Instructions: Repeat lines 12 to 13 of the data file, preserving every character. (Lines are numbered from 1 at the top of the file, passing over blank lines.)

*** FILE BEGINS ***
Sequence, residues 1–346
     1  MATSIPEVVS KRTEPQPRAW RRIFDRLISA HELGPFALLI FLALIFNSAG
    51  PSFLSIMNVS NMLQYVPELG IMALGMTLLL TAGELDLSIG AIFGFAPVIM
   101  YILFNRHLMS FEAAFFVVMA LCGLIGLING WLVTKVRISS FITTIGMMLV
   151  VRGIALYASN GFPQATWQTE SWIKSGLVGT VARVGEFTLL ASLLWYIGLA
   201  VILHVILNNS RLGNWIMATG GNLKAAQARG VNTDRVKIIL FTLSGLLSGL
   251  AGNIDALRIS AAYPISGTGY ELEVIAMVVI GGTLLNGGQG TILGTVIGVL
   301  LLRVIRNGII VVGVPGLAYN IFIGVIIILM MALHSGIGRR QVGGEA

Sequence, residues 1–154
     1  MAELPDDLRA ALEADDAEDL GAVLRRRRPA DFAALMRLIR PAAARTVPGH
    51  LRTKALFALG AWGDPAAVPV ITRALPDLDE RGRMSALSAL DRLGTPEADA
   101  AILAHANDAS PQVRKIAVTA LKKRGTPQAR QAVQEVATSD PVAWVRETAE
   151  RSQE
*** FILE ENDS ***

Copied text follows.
   101  AILAHANDAS PQVRKIAVTA LKKRGTPQAR QAVQEVATSD PVAWVRETAE
   151  RSQE